The teacher who uses an inquiry approach has a considerable amount of preparation to do and also must be prepared to teach the students how to use inquiry. Foremost among the concerns would be helping the student frame a question in a manner that can be investigated. For example, what would your response be if a child were to ask, “Why do birds fly?” Would you say that birds fly because it’s faster than walking? Because they enjoy being in the air? Just because? Why birds fly is a legitimate question, but likely one to be addressed by theologians or philosophers. A more appropriate question might be “How do birds fly?” This is a question that can be investigated in the context of school. Students could even investigate what factors allow one type of bird to fly faster or higher than another or, in the case of ostriches and chickens, not at all. Helping to frame an appropriate question, without diminishing the validity of the initial question, is a primary challenge the teacher faces.

A chief strength of the inquiry approach is that it can integrate the curriculum by involving many disciplines in meaningful ways. Children can read, write, calculate, engage in scientific investigations, address social concerns, and use the arts, all in the context of answering their own questions. While the amount of lecturing that a teacher does is significantly reduced, the intellectual challenge for a teacher preparing and conducting such activities is considerable, and considerably rewarding.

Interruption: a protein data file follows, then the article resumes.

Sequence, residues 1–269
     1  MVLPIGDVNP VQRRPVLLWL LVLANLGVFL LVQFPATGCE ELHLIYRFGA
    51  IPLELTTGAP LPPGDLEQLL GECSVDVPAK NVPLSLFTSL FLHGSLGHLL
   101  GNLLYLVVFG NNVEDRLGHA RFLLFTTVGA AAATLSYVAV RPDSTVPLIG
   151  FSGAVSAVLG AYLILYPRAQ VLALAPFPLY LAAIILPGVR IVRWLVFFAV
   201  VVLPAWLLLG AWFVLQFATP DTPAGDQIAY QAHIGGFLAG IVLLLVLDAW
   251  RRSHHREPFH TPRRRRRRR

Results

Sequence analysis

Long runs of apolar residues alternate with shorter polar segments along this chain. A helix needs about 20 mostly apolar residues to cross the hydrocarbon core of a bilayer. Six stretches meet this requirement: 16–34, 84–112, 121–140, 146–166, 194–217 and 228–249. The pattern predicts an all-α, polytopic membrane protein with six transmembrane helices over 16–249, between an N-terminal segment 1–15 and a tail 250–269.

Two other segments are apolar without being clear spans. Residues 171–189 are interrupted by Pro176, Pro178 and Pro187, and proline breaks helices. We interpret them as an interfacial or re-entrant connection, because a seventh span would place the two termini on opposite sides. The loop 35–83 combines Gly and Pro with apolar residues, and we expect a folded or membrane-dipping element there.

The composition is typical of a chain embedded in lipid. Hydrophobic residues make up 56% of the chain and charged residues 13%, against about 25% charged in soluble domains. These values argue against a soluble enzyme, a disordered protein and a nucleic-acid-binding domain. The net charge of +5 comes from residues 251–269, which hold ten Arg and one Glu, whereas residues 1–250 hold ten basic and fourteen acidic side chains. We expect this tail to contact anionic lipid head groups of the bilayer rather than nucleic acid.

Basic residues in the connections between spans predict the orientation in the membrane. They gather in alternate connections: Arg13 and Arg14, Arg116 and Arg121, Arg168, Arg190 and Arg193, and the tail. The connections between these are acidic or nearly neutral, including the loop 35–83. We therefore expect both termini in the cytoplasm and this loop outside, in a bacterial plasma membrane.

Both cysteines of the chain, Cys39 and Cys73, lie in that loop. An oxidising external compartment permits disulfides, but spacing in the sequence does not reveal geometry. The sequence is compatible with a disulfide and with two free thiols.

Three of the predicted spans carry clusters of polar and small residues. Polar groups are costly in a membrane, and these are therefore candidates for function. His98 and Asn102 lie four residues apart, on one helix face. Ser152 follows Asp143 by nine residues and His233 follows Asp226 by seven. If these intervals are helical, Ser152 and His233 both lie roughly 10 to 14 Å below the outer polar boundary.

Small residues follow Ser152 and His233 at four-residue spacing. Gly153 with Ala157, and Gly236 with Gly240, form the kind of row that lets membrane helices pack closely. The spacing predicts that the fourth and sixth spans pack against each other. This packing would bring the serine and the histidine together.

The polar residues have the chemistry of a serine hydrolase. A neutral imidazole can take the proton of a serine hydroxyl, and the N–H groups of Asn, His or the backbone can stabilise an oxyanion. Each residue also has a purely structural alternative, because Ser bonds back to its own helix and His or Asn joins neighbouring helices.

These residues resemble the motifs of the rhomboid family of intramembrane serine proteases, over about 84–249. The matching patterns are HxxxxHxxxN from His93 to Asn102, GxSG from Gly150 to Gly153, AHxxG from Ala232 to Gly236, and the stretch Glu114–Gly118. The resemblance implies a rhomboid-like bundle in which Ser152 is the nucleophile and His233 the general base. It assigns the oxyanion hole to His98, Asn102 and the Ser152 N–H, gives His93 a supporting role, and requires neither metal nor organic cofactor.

A teacher may use combinations of all of the techniques we have discussed in the course of a single lesson. A lesson plan may begin with a question-and-answer session that stimulates student interest and thinking and then proceed to a discovery-learning experience that will be followed by a discussion of what was learned. It is important for you to understand that teaching is a task that requires considerable instructional flexibility, and we still have not even considered the topic of knowing the subject matter!

If you were an astute observer of the nature of each technique that we have discussed, you may have already noticed that the first three levels represent approaches in which the teacher does the most talking or directing of student activity. The middle two levels transition to a dialogic approach in which the teacher and student share more of a partnership. The teacher continues to direct the activity, if only by virtue of having planned the whole experience, but the exchange of ideas is of central concern with these levels.

But notice what happens as we move to mental modeling and the levels beyond. See how the emphasis changes now to the thinking that students will do? At these levels students are not only investigating academic topics but ultimately are also asking their own questions and finding ways to seek answers and solve problems. You have probably heard that education is a process that seeks to develop lifelong learners. The teacher who uses all levels of the taxonomy with an eye toward leading students to these highest levels and allowing them to develop their critical and creative thinking abilities will be the teacher whose students develop that love of learning that we all wish to impart.

The Taxonomy of Instructional Techniques

Teacher Focused

  • Direct Instruction: Teacher explains or demonstrates
  • Drill and Practice: Repetition to hone a skill or memorize information
  • Lecture: Teacher provides information to students in a one-way verbal presentation

Dialogue Oriented

  • Question and Answer: Requires reflection as information is exchanged in response to a question
  • Discussion: An exchange of opinions and perspectives

Student Focused

  • Mental Modeling: Assists students in managing their own learning by modeling a problem-solving technique
  • Discovery Learning: Uses students’ personal experiences as the foundation for building concepts
  • Inquiry: Allows students to generate the questions that they will then investigate and answer